Reverse Micelle Extraction

The extraction and purification of proteins using reversed phase micelle systems has been the subject of extensive study in recent years (Luisi, 1985; Martinek et al, 1986; Fletcher and Parrot, 1988; Krei and Hustedt, 1992; Matzke etal, 1992). Reverse micelles are aggregates of surfactant molecules in organic solvents. The polar head groups of the surfactant are directed towards the interior of the micelle and form a polar core which can solubilize water and hence the proteins, while the lipophilic chains are exposed to the organic solvent. Figure 7 shows a schematic diagram of protein solubilization using reverse micelles. Here an electrolyte/protein solution is contacted with an organic solvent containing oil-soluble surfactant. After the mixture is vigorously shaken and interphase equilibrium is achieved, the phases are separated by centrifugation. When a double tailed

Figure 7. Schematic diagram of the phase transfer process for solubilization in reversed micelles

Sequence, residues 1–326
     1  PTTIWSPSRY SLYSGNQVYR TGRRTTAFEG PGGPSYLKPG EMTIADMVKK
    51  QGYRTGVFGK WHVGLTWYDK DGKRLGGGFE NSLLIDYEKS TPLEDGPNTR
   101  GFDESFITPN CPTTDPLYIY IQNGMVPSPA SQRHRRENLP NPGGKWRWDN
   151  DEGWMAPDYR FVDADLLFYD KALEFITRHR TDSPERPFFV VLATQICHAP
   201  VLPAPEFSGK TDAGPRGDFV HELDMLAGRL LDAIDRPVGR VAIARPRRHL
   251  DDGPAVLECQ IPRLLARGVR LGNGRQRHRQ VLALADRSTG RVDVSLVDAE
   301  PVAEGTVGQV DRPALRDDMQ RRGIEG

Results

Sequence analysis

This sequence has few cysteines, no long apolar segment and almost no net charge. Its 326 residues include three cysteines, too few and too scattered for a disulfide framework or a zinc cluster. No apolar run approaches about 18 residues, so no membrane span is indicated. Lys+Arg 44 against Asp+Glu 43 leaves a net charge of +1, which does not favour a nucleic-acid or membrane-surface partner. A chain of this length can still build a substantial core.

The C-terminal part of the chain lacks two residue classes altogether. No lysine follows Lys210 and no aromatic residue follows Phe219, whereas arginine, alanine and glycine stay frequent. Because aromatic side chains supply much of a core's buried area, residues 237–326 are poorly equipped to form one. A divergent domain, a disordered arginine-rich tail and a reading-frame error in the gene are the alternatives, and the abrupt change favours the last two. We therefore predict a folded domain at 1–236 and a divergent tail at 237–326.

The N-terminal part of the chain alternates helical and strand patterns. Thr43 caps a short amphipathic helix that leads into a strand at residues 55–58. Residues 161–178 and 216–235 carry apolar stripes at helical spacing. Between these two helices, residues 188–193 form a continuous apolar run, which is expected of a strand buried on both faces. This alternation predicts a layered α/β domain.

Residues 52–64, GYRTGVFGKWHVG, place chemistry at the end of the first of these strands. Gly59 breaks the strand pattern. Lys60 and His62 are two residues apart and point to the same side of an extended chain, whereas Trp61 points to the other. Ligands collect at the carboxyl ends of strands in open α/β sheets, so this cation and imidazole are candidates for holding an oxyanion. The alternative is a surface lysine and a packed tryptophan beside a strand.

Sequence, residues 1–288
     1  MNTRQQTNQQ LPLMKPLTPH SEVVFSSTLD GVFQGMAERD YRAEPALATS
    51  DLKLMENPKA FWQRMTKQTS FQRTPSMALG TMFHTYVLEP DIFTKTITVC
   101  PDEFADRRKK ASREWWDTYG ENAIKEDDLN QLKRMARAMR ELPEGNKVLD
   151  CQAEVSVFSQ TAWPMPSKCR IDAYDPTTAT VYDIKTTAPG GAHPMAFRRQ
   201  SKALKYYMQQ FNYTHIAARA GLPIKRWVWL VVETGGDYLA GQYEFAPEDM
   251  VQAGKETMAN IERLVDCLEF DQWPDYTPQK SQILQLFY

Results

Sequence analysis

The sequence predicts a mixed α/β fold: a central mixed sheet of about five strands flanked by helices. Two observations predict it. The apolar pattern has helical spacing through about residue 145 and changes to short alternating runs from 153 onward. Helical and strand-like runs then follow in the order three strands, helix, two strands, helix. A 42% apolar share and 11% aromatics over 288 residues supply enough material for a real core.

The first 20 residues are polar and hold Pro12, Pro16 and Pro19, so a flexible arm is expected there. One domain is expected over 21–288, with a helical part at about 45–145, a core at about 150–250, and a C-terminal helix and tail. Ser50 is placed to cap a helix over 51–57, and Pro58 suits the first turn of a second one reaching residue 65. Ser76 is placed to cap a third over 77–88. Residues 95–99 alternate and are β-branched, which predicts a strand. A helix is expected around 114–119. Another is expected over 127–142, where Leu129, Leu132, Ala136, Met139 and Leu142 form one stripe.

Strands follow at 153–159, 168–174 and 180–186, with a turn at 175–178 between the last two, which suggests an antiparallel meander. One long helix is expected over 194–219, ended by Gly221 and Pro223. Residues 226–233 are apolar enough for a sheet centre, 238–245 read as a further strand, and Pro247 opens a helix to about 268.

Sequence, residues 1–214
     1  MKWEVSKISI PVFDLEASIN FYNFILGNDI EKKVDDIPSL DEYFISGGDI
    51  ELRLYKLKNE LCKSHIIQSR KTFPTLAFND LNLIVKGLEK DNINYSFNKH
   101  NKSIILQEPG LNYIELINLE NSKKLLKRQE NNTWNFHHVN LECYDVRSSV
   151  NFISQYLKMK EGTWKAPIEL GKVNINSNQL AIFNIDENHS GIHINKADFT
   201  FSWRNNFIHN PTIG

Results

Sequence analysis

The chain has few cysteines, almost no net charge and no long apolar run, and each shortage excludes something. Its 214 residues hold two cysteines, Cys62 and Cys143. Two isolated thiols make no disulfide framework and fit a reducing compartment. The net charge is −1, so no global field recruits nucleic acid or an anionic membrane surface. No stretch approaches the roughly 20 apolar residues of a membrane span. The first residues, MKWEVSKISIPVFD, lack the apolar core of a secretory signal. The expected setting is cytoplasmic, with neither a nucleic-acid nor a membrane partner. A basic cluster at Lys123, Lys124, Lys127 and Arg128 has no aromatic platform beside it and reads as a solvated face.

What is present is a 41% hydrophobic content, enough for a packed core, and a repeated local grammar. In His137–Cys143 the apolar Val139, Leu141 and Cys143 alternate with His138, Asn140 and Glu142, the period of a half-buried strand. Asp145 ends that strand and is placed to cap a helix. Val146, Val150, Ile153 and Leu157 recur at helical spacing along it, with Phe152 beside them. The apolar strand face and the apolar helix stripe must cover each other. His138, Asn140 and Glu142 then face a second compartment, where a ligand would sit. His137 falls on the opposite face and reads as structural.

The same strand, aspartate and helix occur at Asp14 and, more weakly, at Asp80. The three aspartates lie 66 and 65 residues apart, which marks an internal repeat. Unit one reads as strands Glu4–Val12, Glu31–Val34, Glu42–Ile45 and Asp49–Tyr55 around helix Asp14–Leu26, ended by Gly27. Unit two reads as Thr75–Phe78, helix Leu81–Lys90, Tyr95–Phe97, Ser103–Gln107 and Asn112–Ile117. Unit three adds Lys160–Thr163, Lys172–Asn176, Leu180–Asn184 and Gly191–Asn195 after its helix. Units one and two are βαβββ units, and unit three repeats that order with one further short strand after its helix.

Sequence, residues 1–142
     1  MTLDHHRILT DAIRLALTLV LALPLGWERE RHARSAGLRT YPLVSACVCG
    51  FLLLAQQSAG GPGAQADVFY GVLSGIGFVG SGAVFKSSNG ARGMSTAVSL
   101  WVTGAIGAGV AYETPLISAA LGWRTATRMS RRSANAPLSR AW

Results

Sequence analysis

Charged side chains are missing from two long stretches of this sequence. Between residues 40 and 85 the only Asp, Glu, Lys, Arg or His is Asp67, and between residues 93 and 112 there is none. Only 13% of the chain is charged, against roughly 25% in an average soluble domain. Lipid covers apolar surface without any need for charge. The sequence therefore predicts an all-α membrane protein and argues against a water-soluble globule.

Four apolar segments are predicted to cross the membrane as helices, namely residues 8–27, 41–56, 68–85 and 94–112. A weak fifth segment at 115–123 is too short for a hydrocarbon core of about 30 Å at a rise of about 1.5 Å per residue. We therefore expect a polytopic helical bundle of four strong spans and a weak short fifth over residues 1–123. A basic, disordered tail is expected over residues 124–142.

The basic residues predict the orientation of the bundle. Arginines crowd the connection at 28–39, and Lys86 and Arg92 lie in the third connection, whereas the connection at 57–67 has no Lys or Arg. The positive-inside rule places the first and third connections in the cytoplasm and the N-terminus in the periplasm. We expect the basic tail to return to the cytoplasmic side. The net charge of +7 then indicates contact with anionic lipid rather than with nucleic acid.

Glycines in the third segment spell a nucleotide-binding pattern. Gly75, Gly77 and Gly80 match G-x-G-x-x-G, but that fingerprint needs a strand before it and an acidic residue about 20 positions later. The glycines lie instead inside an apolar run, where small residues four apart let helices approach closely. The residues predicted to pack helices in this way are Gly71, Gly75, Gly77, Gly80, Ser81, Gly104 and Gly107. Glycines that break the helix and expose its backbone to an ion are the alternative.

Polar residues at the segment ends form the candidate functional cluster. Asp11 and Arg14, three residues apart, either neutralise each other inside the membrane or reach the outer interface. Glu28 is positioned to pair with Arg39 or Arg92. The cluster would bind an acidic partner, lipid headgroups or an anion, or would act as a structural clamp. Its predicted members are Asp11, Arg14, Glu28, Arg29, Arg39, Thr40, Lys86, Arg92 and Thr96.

surfactant such as AOT (2-diethylhexyl sulfosuccinate or Aerosol-OT) is used with electrolyte in the aqueous phase, a water-in-oil (W/O) microemulsion is formed. This is also favoured by addition of long chain alcohols and increase in temperature.

The greatest advantage of using reverse micelles to solubilize proteins is that the proteins can be used in apolar solvents. Thus, enzymes have been encapsulated inside the water cores of reverse micelles with retention of catalytic activity (Barbaric and Luisi, 1981; Levashov et al, 1982; Fletcher et al, 1984). Table 8 illustrates some of the recently reported work on protein solubilization using reverse micelle extraction.

Table 8

Some recent studies on reverse micelle extraction of proteins

Table 8

Some recent studies on reverse micelle extraction of proteins

Protein/Enzyme

System

Reference

Horse liver alcohol dehydrogenase (HLADH)

SDS & Cetyltrimethyl-ammonium bromide (CTAB)

Samana et al (1984)

Lysozyme

Iso-octane/AOT

Steinmann et al (1986)

Lysozyme

Chloroform/CTAB

ibid

Lysozyme

Iso-octane/Tetraethylene glycol dodecyl ether

ibid

Beta-hydroxy butyrate dehydrogenase

Iso-octane-hexanol/CTAB

Giovenco et al (1987)

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